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Tuesday, February 14, 2017

Faith, Inc.

“But whoever has doubts is condemned if he eats, because the eating is not from faith. For whatever does not proceed from faith is sin.”

A while back, I read a piece written by a fellow believer on the subject of finding peace in the quest to live one’s life in the will of God. I’d link to it but it has not yet been published. A major theme of his paper was that both the peace of God and the will of God are often found corporately rather than individually; that it was not intended that we live our Christian lives in isolation from other believers, but rather that we discover God’s will together through submission to one another and to him.

Corporate, eh? Interesting idea, and almost surely not one prompted by the spirit of the age in which we currently live.

It strikes me that there are two ways in which one can approach others seeking advice, advocating for truth or gathering support; one right, and one … not so much. The difference is often evident from the level of persuasion one feels compelled to exert in order to get the imprimatur of other believers on one’s desires.

Which is where our verse comes in.

Faith In Action

The man or woman who genuinely seeks for and prizes the will of God above all else — and believes they have found it — is acting in faith. As such, he or she has complete confidence in seeking your opinion on the issue about which they are concerned. They are comfortable in the face of disagreement. They will certainly give you reasons for what they believe, but do not need your confirmation, because they already have the confirmation of the Holy Spirit through his word. They have all the peace they need with or without your approval and regardless of whether they are ultimately able to move ahead with their plans.

Because their mind is on God’s will above all else, they are perfectly prepared for you to shut them down, and willing to submit to both your assessment of their plans or beliefs, and that of others. Because they know they are doing God’s work, they understand that, having done their bit, it is now the Lord’s job to convince you of the truth. They are servants, and when they find their way blocked, they take the issue to their Master to resolve.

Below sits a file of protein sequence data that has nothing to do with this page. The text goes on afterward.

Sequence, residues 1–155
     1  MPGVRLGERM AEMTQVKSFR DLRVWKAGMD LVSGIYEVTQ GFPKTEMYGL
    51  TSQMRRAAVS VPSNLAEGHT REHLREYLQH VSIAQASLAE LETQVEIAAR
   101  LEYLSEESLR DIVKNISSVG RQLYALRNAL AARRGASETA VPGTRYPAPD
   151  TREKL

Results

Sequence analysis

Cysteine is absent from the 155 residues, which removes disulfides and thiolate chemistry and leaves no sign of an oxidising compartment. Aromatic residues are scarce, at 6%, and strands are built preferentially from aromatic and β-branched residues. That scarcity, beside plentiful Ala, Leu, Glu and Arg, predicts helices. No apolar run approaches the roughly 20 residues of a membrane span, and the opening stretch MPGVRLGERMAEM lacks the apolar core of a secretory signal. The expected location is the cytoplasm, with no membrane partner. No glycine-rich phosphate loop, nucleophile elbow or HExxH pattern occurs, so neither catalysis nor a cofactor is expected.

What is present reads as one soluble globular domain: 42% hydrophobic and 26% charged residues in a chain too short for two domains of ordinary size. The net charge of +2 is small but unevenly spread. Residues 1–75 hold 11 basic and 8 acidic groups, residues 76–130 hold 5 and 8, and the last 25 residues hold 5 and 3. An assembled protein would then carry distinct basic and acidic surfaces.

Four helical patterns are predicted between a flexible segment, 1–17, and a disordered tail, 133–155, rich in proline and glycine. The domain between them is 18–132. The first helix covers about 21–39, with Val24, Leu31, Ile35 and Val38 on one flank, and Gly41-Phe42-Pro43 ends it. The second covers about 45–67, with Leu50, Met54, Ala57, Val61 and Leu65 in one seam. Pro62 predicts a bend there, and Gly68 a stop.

Because their initiative is taken in faith, they respect that, for you to remain faithful to your Master, your decision-making process must operate the same way as theirs. So they are unwilling to coerce or manipulate you to gain your support or approval because they understand that unless you are just as strong in your convictions as they are in theirs — unless you too are operating in faith — your agreement is worthless.

Obtaining your consent and approval is a bonus, not a necessity.

Agenda-Driven Manipulation

On the other hand, the man or woman who is agenda-driven is not like this at all. Far from acting in faith, they are pursuing primarily their own interests and trying to get you to support and agree with them in order to move forward. When you disagree with them, they become distressed and hot under the collar. They are agitated rather than at peace. Lacking legitimate biblical ammunition with which to win the battle, they scramble for whatever looks like it will help them make their case, no matter the side effects and what the consequent fallout of adopting that view may be.

Obtaining your endorsement and approval is critical to them because they have not found peace in the word of God with respect to what they advocate.

Underlying their agitated state is a lack of confidence in their position. An unwillingness to wait for the Lord to convince fellow believers of the truth one sees is virtually a guarantee that one’s position is less-than-perfectly defensible.

From Now On I Will Go to the Gentiles

Does scripture bear this out? No less than the apostle Paul found opposition to what he taught over and over again. What was his response? After making every effort to make himself understood, when he saw that his message was not heard, he moved on.

Walking away without quarreling or causing division over the things one believes is not an indication of a weakness in one’s position. Rather, it is evidence of strength of character and genuine conviction.
“And the Lord’s servant must not be quarrelsome but kind to everyone … patiently enduring evil, correcting his opponents with gentleness.”
I wonder how many local churches that have splintered over various issues would still be together if all believers maintained this attitude.

Contend for the faith? Absolutely. Quarrel, not so much.

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